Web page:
Okay, so it's not my field. But it is a field, and a mighty big one at that. Packed to the tree lines with pickers, grinners and listeners, the Walsh farm in Oak Hill, New York becomes the home of the Greyfox Bluegrass Festival every third weekend in July. Named the International Bluegrass Music Association's Bluegrass Event of the year in 2009, Greyfox has assembled the finest talent and steadfast fans for over thirty years. Neither rain nor sleet ( hmmm...) nor gloom of night keeps the legions of devotees from lining up in anticipation of the opening of the Greyfox gates. While at its former location in Ancramdale, New York ( the festival moved in 2008 to Oak Hill ), a pre-festival tradition of camping at the bottom of the hill began in order to secure prime camping real estate. Dubbed "The Foxhole", it is now held about 4 miles from the current festival site on the Allan farm. Bluegrass enthusiasts Elsie and Jim Allan welcome the not yet tired and weary as they pick and party their way through the week before the actual event. "Gumbo Night" serves up a grand finale to the Foxhole and the masses move on to the "Really Big Shoe".
Born in 1976 and christened the Berkshire Mountains Bluegrass Festival, the gathering was eventually named "Winterhawk" and spent its first 30 years in Ancramdale, NY on a beautiful sunset-blessed hillside belonging to the Rothvoss family. Ten years ago, Winterhawk became Grey Fox when one of the founding partners decided to part ways with the administration. In January 2008, the Rothvoss farm was sold and an intense search ended at the Walsh farm in time for that year's festival. Renamed and relocated, the spirit of Grey Fox lives on and flourishes as more fans discover its magic.
I first experienced Winterhawk in the mid-eighties as a fledgling banjo player. Lacking the confidence to insert myself into a jam, I stood on the sidelines and watched as musicians traded solos and sang in harmony. While I may have been under equipped to join in the music making at the campsites, I was able to bask in the talent flowing from the main stage. The best of the best in bluegrass took to the floorboards year after year, from the Father of Bluegrass, Bill Monroe to the progressive heat of the powerhouse New Grass Revival. Doc Watson's brilliant guitar stylings were served with the warmth and humor of his front porch demeanor. A young Alison Krauss celebrated a birthday during a set, going on to win 27 Grammys during the course of a career that continues to spread the bluegrass word. In 1989, I watched as Pete Wernick of Hot Rize took the stage after surviving the crash of United Airlines flight 232 in an Iowa corn field. There are eight million stories in the Naked Bluegrass City; this has been one of them.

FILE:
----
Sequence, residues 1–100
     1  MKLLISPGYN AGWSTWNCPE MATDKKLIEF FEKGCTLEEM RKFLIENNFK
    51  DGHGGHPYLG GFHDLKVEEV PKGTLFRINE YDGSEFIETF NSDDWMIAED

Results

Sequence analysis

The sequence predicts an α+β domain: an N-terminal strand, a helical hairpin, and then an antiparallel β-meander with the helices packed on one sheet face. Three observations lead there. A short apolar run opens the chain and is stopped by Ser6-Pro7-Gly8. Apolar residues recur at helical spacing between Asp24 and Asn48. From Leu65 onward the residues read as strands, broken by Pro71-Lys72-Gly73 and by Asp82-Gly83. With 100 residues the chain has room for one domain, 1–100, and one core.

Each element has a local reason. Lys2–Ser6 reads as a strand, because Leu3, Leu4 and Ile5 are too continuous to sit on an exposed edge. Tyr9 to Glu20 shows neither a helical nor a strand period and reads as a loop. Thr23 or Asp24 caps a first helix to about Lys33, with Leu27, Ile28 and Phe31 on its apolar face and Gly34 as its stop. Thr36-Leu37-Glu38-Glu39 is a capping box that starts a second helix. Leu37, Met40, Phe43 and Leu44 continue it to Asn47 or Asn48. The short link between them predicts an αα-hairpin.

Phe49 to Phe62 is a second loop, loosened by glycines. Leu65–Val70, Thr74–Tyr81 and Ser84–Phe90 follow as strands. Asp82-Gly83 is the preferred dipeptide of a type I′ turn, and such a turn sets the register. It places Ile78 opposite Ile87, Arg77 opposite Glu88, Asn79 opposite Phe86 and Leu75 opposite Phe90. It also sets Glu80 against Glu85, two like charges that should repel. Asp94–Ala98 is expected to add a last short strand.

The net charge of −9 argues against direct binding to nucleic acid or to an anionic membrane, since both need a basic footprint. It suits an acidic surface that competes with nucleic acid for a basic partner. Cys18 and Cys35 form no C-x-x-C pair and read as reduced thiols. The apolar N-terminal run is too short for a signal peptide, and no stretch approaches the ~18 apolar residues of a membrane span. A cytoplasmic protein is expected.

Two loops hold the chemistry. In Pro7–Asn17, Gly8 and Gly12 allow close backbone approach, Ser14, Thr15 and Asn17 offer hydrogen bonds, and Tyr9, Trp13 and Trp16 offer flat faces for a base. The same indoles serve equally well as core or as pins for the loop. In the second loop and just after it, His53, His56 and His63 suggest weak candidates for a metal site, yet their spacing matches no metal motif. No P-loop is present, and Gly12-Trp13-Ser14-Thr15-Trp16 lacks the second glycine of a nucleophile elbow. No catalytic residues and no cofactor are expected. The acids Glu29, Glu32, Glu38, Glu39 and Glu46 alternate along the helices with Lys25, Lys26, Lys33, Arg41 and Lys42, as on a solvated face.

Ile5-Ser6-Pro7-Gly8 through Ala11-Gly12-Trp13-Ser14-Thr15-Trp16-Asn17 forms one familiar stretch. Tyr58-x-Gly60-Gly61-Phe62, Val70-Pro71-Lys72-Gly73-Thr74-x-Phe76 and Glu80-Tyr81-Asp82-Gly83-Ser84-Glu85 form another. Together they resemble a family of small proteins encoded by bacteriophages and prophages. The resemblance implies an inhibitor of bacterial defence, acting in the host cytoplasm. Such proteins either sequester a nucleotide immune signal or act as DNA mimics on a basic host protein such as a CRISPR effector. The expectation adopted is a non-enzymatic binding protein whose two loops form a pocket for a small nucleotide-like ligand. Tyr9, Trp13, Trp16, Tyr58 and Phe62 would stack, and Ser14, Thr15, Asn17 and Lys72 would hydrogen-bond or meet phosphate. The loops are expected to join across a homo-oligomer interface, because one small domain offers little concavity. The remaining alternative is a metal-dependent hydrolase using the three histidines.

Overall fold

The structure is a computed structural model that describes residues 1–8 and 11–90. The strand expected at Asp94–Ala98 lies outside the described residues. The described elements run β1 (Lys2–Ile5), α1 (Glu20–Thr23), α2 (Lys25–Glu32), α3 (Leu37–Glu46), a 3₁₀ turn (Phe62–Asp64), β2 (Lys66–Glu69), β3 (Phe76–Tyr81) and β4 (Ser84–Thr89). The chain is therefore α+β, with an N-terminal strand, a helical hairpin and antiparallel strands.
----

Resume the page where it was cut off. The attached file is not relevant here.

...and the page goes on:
Twenty years later, I'm setting up a tent on a patch of grass thoughtfully reserved for me by my friends. It's hot. Sweat pours from my face as I put together the poles and bid farewell to my vanity. My hair will be flat, my feet will be dirty and my hygienic routine will be compromised. I could very easily forgo camping these days- my home is situated on a wooded lot and offers daily access to Mother Nature and her wonders. As I question the sanity of signing up for three days of blistering sun and steaming Porta-potties, I hear the answer.
A novice fiddler practices intently alongside her parents' camper, while a spirited jam session kicks up a few sites away. Young, dreadlocked, and decidedly bohemian, the folks on the other side of our temporary road pay homage to Jerry Garcia. A cluster of old timers play it like Jimmy Martin; a young man on jazz keyboards plays it nothing like Jimmy. Music. It's all here and it's all good.
We arrive with our instruments and our arsenals of material in hopes of sharing our musical thoughts and enthusiasm with fellow pickers. Although the main stage line-up is top notch, I am drawn to Grey Fox by the promise of finding that special jam session, that moment where it all comes together. Even if it never happens or if I come up against material I don't know or can't execute, I pack up my shortcomings and head home to prepare for the next festival. Move 'em out, Rawhide!
Music as an art form is organic and ever changing. Bluegrass traditions are preserved while new ideas emerge and evolve. Having spent his lifetime pioneering and creating the "high lonesome sound", Bill Monroe considered himself the father and caretaker of bluegrass. When a new band didn't perform to his standards, he would say, "That ain't no part of nothing." With all due respect, I disagree. It's all part of something; something which draws thousands of people to festivals across the country. We step out of our lives, into our cars and campers, and settle down in the middle of a musical encampment that will disappear in a few days. It is our Brigadoon, if you will, but we don't have to wait a hundred years for the gates to open again. See you next year.
Originally from Pennsylvania, I graduated from Penn State University with a degree in printmaking. And so I waitressed-first in my hometown and then at the Plaza Hotel in New York City. I now live in upstate New York with my husband and dog, play bluegrass music and work on my photography skills. I also spend inordinate amounts of time in the gym to ward off middle age as it nips me in the behind.